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Ventilators May Be a Red Herring

Tues, Apr 14, 2020:

Governors are spending maximal effort procuring ventilators. But new research shows different results. Leaders may want to switch effort to blood substitutes, after conferring with front-line doctors/experts. That is, stop stockpiling ventilators, and get as much artificial blood as possible. Reasons are complex:

Doctors seeing patients with very low blood oxygen call this ARDS and assume that the lungs are not working well, while the blood hemoglobin and brain breathing-functions should be fine. They traditionally treat this with ventilator use to force air into the lungs, in order to save delicate brain & liver tissue requiring oxygen. Next they often induce a coma in order to keep the patient from clawing the ventilator tube out of their throat. Then, when the blood oxygen level is still obscenely low, they crank up the pressure in an attempt to force more oxygen in.

This has been resulting in 50%-80% deaths in ventilator patients, depending on the facility. The high pressure seems to blow out the lungs. And surviving sedated patients often have brain damage.

But front-line doctors are seeing several anomalies. Lung condition appears strong, not weak. People with bad lungs and low oxygen should have trouble getting rid of CO2; they should be gasping; their hearts should be racing; and they should almost be blacking out. The body has CO2 sensors, not O2 sensors, that kick in these range of reflexes when lungs are not working well to get rid of CO2. None of these are happening. The lungs are getting rid of CO2 well, indicating the lungs are working well. So typical ARDS protocols are not appropriate.


But it turns out COVID-19 is a multi-talented supervirus. Not only does it attack sinuses, throat, lungs, and smell-center nerves; it is possible that it may also attack red blood cells and nerve centers that help control breathing. In particular one theory, which has problems, hypothesizes that the virus may somehow throw the iron out of hemoglobin. So this would stop the hemoglobin from binding oxygen, and also would also explain the excess poisonous iron loose in the body-- which would give the famous "ground glass" images in the lung X-rays. So when blood stops grabbing oxygen, the body breaks down rapidly, even when the lungs still work. There are problems with explaining just exactly how this is happening, but the overall reasoning explains many different effects.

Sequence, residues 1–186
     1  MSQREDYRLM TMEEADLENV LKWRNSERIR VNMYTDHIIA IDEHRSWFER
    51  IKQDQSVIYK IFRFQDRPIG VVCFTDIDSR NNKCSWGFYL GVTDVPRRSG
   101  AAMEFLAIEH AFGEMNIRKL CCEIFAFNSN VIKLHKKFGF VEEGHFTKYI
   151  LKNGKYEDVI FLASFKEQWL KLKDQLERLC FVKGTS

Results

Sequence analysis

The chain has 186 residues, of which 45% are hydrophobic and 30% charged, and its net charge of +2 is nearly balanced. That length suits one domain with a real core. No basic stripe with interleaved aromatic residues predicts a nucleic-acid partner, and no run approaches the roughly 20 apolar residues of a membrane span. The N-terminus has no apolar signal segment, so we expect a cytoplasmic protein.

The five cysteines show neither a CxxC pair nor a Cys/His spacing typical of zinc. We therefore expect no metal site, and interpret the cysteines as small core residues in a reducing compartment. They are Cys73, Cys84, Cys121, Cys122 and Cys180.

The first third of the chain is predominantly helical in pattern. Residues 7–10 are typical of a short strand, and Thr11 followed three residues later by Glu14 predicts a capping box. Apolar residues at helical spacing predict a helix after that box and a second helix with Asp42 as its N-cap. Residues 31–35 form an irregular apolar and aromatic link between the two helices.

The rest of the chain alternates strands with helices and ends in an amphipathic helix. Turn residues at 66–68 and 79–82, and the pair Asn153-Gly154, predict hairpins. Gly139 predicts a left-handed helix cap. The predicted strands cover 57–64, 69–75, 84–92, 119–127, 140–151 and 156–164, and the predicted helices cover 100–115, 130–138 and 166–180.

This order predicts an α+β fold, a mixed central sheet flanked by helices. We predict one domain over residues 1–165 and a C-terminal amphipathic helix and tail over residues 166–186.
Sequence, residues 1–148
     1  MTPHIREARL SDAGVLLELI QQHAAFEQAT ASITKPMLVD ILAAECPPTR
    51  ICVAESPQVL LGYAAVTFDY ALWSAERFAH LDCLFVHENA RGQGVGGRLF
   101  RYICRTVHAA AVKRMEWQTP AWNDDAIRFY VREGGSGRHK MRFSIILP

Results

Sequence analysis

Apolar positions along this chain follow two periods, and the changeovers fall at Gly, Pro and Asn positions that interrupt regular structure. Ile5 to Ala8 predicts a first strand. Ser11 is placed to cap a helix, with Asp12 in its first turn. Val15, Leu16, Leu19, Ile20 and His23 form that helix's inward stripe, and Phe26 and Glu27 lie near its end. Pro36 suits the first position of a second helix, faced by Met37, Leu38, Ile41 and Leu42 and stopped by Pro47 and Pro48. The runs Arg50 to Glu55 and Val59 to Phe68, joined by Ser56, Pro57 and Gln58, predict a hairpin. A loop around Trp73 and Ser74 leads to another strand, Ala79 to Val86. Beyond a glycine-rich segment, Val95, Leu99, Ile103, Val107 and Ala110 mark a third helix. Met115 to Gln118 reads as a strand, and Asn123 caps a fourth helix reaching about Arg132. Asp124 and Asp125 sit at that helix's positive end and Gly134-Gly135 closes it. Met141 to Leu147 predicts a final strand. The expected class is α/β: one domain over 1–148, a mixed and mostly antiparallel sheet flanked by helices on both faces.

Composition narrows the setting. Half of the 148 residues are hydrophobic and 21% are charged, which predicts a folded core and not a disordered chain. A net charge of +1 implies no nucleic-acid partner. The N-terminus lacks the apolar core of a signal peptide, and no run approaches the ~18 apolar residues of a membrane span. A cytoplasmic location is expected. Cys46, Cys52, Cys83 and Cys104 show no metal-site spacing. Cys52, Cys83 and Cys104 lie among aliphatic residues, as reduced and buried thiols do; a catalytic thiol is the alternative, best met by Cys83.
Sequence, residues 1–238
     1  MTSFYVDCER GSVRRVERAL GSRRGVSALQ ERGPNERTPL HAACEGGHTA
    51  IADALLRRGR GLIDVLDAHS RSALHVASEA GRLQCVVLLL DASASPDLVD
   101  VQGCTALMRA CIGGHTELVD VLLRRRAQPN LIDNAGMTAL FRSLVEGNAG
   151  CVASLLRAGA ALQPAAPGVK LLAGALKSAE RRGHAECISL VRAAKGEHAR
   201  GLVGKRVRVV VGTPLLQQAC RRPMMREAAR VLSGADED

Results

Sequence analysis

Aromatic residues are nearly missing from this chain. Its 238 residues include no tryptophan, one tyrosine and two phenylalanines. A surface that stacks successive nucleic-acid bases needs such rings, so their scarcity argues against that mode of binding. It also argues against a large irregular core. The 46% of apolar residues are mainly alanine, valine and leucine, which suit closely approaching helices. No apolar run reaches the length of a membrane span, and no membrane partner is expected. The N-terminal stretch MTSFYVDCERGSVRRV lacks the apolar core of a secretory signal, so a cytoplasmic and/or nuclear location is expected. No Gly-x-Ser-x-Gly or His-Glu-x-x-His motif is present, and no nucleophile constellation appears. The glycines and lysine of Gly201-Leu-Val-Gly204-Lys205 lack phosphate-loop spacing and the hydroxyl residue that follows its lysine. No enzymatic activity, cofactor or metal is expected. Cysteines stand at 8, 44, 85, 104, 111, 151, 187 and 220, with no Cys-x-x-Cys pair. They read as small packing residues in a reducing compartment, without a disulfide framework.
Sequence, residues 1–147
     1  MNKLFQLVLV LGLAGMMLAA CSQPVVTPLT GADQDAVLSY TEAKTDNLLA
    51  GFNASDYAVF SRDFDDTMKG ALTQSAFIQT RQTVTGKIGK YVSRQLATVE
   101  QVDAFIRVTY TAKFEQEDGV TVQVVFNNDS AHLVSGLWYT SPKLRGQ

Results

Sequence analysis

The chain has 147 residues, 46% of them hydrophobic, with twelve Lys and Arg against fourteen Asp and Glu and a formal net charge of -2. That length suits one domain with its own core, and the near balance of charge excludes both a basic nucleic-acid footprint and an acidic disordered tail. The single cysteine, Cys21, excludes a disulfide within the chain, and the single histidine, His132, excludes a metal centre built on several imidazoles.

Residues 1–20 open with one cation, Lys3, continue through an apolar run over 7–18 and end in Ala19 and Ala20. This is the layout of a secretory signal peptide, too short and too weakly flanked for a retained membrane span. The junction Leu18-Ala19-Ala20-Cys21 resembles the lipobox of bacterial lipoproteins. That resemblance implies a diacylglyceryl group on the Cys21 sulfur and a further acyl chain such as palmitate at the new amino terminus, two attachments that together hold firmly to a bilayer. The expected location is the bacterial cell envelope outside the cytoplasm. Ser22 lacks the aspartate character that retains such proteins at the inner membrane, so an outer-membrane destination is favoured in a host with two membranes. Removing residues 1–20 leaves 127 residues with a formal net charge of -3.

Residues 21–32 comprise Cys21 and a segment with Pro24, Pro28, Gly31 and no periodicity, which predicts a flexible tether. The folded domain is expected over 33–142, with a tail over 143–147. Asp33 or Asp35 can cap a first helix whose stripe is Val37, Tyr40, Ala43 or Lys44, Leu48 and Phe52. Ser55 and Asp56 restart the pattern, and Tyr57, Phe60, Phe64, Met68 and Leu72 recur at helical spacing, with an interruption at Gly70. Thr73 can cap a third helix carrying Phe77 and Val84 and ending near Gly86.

The conclusions from this line of reasoning are several:

  1. non-invasive CPAPs prob. just as good as vents in most cases;
  2. ventilators, when used, should be dialed way down, not way up;
  3. ventilators won't work if hemoglobin or the oxygen-carrying function of blood is somehow defective
  4. replacing or augmenting blood with oxygen-binding blood substitutes is the way to go;
  5. hemoglobin-based (bovine) blood substitutes may not work either, so might perhaps need ? PFB-OC's;
  6. stop buying ventilators;
  7. start stockpiling: blood supplies; the cheap, orange-colored 5-second Wellue oximeter rings and Innovo oximeters; Gatorade;
  8. get front-line doctors and top researchers to start advising important leaders on this issue ASAP. Although several recent lines of research support these conclusions, we need expert opinion to confirm and validate these findings.


flawed study, the specific mechanism proposed has been discredited. Overall idea may or may not still be valid. See following references: COVID-19: Attacks the 1-Beta Chain of Hemoglobin and Captures the Porphyrin to Inhibit Human Heme Metabolism

Flawed methods in “COVID-19: Attacks the 1-Beta Chain of Hemoglobin and Captures the Porphyrin to Inhibit Human Heme Metabolism”

Is Protocol-Driven Cov-19 Ventilation Doing More Harm Than Good?

COVID-19 Does Not Lead to a 'Typical' ARDS

Do COVID-19 Vent Protocols Need a Second Look?

Doctors say Ventilator are Overused for COVID-19


Growth-factor/Increase to 10x/1,000x Table
GitHub source code for basic V.1 simulations


Ratings: E for Everyone; G for Government decision-makers; T for Technical.